We are both very busy. We also both love art and travel, and we are both creatives at heart.
We heard about VAWAA from a relative, and the opportunity to explore a new country while learning a new skill seemed liked the perfect antidote to the grind of city life in London. We were immediately drawn to Katja’s beautiful studio in its picturesque mountainside setting.
From the moment we landed and throughout the trip, we were blown away by the absolutely stunning backdrop of the Julian Alps and the country we were to call home for nine days. We grabbed a rental car and made our way to Lake Bled where we spent our first night.
After our first day in Bled, we drove to Kranj, where we were staying in a lovely hotel in the Old Town. Kranj was the perfect base to explore Slovenia while being only fifteen minutes from Katja’s studio.
We met a smiling Katja in her bright, sunny studio on Monday, where we sat enjoying coffee and planning our week of ceramic exploration.
As novice ceramicists, we had some pretty basic ideas about what we wanted to make–some mugs or egg cups, then maybe building up to a jug. Luckily for us, Katja thought these things were all within our grasp, even as total beginners.
Katja’s studio is a tranquil, pastel-hued room filled with her pieces, which range from vases with egg box feet, to larger abstract art, to porcelain works with dolls faces (created by pouring liquid clay into mounds). Often the room would smell of thyme as we drank tea made from the fresh herbs in the garden—using cups Katja had made of course.
We started with the “pinching” technique, which is one of the oldest techniques man has used to manipulate clay. It even predates the pottery wheel and requires no tools. If prehistoric man could make useful objects with this technique, then surely we could, right?
Pinching is a slow, meditative technique that requires patience. However, in such a beautiful studio in the Slovenian countryside, it was also profoundly relaxing. With Katja’s guidance, we managed to each produce a bowl, sized somewhere between a cereal bowl and one your aunty might use to serve cashews.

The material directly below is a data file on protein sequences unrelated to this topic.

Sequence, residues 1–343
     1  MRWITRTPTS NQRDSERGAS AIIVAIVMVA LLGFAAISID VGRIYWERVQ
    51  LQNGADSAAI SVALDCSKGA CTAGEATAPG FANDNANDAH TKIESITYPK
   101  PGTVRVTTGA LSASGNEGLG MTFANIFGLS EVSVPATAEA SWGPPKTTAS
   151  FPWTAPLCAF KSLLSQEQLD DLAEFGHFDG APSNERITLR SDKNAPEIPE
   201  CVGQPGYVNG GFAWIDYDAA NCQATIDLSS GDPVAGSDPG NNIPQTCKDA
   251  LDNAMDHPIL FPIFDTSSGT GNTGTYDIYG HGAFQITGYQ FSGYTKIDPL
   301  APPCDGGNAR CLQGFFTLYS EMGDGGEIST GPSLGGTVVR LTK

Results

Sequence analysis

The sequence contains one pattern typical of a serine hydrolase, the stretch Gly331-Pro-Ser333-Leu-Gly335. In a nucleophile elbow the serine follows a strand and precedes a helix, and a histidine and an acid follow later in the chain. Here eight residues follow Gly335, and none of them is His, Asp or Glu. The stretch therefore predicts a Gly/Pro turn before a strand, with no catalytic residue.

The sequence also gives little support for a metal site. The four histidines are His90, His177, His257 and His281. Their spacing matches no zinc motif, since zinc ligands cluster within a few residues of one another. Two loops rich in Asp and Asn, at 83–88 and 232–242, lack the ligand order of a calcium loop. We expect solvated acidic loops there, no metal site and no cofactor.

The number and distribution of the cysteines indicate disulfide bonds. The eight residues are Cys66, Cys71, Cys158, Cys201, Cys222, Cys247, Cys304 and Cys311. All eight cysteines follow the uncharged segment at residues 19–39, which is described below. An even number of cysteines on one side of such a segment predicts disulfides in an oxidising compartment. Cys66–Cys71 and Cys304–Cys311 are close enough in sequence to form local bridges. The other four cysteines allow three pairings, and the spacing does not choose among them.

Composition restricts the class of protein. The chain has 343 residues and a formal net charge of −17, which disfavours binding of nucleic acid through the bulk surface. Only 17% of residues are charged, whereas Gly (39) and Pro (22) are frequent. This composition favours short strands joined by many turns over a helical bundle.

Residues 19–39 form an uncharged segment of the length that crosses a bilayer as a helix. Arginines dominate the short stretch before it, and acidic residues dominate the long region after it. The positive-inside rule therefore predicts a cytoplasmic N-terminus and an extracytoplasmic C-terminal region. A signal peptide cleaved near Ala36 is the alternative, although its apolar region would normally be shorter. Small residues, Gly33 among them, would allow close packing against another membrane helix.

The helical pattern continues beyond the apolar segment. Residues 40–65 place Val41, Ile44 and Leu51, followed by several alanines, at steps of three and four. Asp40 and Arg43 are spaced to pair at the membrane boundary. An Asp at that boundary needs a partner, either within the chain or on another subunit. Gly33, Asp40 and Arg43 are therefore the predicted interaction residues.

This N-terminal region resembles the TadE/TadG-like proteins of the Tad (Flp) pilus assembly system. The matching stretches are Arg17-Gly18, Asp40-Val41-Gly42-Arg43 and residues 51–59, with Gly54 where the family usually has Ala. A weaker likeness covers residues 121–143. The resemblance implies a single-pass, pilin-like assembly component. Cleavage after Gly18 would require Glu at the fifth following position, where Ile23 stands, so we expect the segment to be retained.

Our most ambitious plan was to make a jug for water or wine, which we drink in equal quantities so the jug could be multi-purpose, along with some cups. Katja walked us through this new technique, including how to create the blueprint of these items by cutting the base and sides separately out of clay, ready to be put together the next day. The clay needed to rest overnight to become “leather hard,” which offers greater structural support when making larger pieces.
Concentrating on our clay, we lost track of time and got back for Kranj for a late dinner in the town square. After dinner we stumbled across a tiny bar beside a church with an amazing view south of the city where we had two large glasses of wine, each, for a total of four euros!
On the second day, our clay was ready. We carefully created eight beakers and a large jug by rolling the sides together and literally glueing them into place using a clay slip. We also made a few egg cups using a single piece of clay with the pinching technique and chose our glazes. In the evening, Katja took us to a local Gostilna (a traditional beer hall and restaurant that are found all over Slovenia).
The third day, we explored Ljubljana while our pieces were in the kiln, then met Katja in the evening for drinks.
We spent the final days in the studio glazing our fired pieces. The glaze initially came out of the tub as a purple colour. Katja explained that one of the most exciting things about ceramics was waiting to open the door of the kiln to see what the kiln had done to the glaze. It was important to be patient and allow the kiln to cool before opening the door. If it is opened too early the results may not be as good. A bit like baking—do not open the door to peek as the cake will not rise properly!
It was so exciting to wait and see the finished products and how the glaze came out, and we were really pleased with the results! We carefully wrapped all the items in bubble wrap and managed to get them all home intact by putting them in a hand luggage case that we put in the overhead lockers.
Slovenia has so much to offer. It is a beautiful country and all the people so friendly. We are so grateful to Katja for allowing us a glimpse into her life and her work. Not only did we learn a lot about ceramics (we are hoping to find a studio/pottery club in London to put our new skills into action again), but we also had a lovely time going to dinner together and even a beer festival!
Written by Emilia Brunicki and George Cherry